At the same time that data is being transferred into buffers 0:3, it is being transferred from the buffers into the video DRAMs, as will now be described. Initially, control signal OE coupled to the update row counter (URC) goes low, placing a row address on the address bus. Control signal RAS0 then goes low, latching the row address into Bank 0 of the video DRAMs. RAS1 selects Bank 1 and RAS2 selects Bank 2. W then goes low to enable writing into the video DRAMs. Control signal OE applied to the update column counter (UCC) then goes low, placing a column address on the address bus. RCLK0 then goes low making data valid in buffer 0 for transfer to video DRAMs 0:7 of Bank 0 and RCLK1 goes high latching data into buffer 1. CAS0 then goes low, writing data from buffer 0 into video DRAMs 0:7. RCLK2 then goes high, loading data from the video data source into buffer 2. At the same time, RCLK1 goes low, making data valid for video DRAMs 8:15. CAS0 then goes high, CAS1 goes low and stores data from buffer 1 into VDRAMs 8:15. RCLK2 then goes low, making data valid for VDRAMs 16:23. RCLK3 goes high to latch data into buffer 3. CAS2 then goes low, storing data from buffer 2 into video DRAMs 16:23 while CAS1 goes high. As CAS2 goes high, RCLK0 goes high and RCLK3 goes low to make data valid for video DRAMs 24:31. At this point, CAS2 goes high and CAS3 goes low, writing the data into video DRAMs 24:31, completing the third operation. At this point, CAS 3 increments the UCC 53.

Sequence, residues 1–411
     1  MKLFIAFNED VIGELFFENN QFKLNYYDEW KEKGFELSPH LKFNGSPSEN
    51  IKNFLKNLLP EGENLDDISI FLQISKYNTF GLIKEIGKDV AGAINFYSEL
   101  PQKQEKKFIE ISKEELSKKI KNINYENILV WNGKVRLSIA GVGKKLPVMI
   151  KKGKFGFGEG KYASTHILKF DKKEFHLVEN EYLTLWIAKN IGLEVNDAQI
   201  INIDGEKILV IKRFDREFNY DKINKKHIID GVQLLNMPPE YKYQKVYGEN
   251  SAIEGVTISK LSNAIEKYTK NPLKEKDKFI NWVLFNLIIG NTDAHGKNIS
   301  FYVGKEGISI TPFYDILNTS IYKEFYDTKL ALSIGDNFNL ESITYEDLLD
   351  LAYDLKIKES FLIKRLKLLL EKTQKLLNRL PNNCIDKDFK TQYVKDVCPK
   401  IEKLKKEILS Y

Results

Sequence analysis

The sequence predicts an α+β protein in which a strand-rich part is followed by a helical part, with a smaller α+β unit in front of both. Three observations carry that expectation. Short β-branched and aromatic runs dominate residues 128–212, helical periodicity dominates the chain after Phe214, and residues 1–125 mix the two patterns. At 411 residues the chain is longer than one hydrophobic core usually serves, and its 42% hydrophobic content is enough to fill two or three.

As indicated above, the above-described operations resulting in the transferring of 32 bits to Bank 0 of the VDRAMs are repeated 64 times or until 256 8-bit pixels have been transferred from the video data source to the video DRAMs in Bank 0. At the same time, 1024 pixels are written from the video DRAMs internal registers to the CRT. At this point, control signal HSYNC increments the URC 52.